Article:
the shock, but his condition last night was
said to be serious. Sturrecks Is a railroad
laborer and aald his boms was in Columbus.
Neb. He has a brother, Peter 8turrecks,
living on North Twentv-elrhih atraet
Omaha, but was unable to give the hos
pital attendants the number of the bouse.
Real Batata Transfers.
These transfers were Bled yesterday In
ths abstract, title and loan office of J. W.
Squire, 101 Pearl street:
Heirs of A. R. Prentice to Adsm A.
Prentice, nV sew W-7&-M. and part
sV, se sei lJ-76-44. w. d 1,407
Same to same, part nwV J5-7S-4,
q. c. d ; i
Ells Jane Hey wood to Denver
Hough, lots I to la, block 111, Cres
cent, w. d Ii
Mary E. Calvin to Edna Edrar. lot ii'
block L Gates' add to Oakland, w.d. So
Total, four transfers iTw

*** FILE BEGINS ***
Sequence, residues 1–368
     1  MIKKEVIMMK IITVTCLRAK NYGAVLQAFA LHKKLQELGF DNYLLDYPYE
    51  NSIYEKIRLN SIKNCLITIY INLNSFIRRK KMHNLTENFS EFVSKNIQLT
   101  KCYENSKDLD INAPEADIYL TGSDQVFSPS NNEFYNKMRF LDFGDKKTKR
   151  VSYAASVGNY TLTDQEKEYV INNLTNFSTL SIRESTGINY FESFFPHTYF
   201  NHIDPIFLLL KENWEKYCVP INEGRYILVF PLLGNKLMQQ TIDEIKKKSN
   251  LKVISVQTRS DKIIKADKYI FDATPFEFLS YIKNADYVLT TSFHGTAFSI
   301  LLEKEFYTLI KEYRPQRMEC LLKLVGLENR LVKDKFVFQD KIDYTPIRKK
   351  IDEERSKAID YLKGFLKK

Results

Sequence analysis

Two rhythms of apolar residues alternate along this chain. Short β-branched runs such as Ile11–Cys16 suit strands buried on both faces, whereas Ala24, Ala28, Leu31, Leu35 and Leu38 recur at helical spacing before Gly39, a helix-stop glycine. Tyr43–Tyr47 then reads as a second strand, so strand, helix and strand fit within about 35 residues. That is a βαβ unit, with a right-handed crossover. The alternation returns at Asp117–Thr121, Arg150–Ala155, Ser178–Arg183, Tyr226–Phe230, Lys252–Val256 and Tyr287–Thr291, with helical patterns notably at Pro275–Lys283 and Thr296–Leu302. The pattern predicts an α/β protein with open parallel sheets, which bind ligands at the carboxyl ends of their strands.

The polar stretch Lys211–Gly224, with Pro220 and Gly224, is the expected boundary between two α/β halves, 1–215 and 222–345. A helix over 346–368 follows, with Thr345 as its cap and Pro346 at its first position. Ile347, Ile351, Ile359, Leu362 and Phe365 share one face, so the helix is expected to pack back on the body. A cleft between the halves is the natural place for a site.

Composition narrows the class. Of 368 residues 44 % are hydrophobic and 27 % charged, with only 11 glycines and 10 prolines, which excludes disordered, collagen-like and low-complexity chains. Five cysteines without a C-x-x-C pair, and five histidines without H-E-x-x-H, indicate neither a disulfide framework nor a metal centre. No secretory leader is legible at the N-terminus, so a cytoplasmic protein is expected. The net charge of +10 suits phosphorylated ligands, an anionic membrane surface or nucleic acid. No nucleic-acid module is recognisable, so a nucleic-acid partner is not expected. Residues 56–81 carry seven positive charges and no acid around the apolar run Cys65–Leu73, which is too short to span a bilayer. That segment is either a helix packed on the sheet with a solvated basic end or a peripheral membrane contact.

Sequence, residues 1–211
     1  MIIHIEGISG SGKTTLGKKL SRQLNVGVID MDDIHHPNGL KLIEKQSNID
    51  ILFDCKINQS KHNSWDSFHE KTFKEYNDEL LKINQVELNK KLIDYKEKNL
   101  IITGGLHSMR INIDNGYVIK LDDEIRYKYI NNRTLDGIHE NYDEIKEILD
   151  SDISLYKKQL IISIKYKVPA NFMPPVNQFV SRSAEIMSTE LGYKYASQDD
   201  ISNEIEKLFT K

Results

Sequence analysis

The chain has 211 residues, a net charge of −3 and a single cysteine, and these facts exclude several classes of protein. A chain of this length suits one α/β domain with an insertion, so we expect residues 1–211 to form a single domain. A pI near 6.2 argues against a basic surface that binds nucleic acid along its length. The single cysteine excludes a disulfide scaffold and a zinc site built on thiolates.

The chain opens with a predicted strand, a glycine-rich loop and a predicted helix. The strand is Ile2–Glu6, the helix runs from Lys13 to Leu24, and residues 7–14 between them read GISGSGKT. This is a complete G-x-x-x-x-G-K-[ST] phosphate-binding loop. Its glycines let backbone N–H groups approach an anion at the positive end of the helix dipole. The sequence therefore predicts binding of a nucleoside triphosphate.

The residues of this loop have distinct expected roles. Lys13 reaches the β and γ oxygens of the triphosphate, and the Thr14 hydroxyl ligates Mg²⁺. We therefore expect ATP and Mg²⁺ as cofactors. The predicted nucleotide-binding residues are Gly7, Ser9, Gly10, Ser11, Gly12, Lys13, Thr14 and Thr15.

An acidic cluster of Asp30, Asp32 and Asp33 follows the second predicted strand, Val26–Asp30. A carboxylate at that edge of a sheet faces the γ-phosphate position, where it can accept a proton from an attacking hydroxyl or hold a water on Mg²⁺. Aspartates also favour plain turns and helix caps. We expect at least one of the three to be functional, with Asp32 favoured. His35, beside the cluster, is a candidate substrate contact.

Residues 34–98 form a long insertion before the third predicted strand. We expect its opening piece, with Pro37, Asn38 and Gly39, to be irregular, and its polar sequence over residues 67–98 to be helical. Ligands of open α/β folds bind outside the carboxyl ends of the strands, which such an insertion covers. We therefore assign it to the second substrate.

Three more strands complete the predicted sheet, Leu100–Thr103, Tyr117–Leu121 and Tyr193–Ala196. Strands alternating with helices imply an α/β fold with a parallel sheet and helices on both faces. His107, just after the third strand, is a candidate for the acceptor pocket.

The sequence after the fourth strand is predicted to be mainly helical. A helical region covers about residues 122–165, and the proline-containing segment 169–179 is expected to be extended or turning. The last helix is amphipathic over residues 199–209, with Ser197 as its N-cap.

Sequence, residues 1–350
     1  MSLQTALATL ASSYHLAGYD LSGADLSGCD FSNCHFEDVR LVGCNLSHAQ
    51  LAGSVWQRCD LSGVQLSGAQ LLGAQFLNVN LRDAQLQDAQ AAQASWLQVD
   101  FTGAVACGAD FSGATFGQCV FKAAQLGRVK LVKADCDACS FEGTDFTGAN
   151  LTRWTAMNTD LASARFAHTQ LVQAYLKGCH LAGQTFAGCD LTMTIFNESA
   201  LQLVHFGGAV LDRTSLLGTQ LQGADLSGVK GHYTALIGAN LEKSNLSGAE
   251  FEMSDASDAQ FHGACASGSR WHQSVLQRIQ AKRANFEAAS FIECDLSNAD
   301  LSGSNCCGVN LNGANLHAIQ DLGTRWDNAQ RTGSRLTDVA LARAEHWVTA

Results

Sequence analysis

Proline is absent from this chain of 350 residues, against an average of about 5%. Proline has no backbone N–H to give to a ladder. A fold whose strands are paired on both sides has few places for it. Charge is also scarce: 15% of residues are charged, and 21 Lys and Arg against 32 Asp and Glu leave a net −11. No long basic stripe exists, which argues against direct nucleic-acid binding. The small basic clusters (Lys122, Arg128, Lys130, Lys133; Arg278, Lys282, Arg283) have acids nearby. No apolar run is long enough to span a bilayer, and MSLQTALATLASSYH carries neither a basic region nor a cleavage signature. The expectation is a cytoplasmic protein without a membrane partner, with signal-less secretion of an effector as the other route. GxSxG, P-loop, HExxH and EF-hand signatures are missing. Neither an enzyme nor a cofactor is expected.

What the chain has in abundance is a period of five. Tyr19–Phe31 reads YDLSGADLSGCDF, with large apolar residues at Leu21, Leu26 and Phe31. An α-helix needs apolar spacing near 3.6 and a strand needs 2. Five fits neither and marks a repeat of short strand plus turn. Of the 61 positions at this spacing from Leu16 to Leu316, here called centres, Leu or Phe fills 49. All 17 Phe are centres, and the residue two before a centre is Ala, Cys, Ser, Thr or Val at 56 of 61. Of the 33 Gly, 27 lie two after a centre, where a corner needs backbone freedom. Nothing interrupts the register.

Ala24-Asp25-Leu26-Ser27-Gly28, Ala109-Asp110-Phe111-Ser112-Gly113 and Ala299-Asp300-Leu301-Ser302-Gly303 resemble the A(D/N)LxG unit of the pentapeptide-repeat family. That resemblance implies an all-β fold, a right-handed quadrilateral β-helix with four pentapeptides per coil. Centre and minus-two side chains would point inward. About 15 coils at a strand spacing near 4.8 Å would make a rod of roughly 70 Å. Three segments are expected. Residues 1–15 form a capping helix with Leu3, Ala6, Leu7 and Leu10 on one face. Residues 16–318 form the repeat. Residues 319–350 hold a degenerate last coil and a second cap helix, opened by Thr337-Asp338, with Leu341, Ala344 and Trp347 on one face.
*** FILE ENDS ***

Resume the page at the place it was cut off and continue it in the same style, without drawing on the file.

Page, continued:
CORN BELT EDITORS MEET
Held Klwth Aasasl Seaslaa at Leasers
and Haas OBJeei-s far Ea.
IJE MARS. Ia. May 15. (Special.) Ths
ninth annual meeting of the Corn Belt Edi
torial association was held ia this city
Thursday and Friday. Hon. E. W. Cald
well, mayor of Sioux City, gare an address
at the opera house Thursday. Friday a
business seaaloa waa held and a number of
papers read and discussed. , The visiting
editors were given a drive over the city ia
the evening and a banquet followed.
The next meeting of the association will
bs held la SlOux City.
The following officers were elected: Ferd
Relrhmsan. La Mara, president E. W.
Caldwell, Eloux City, secretary; D. O. Stone,
RELIEF FOR THE SUFFERERS
Tkree Tkssusi Dallas Raised ta
Aid Vietlaas at Sever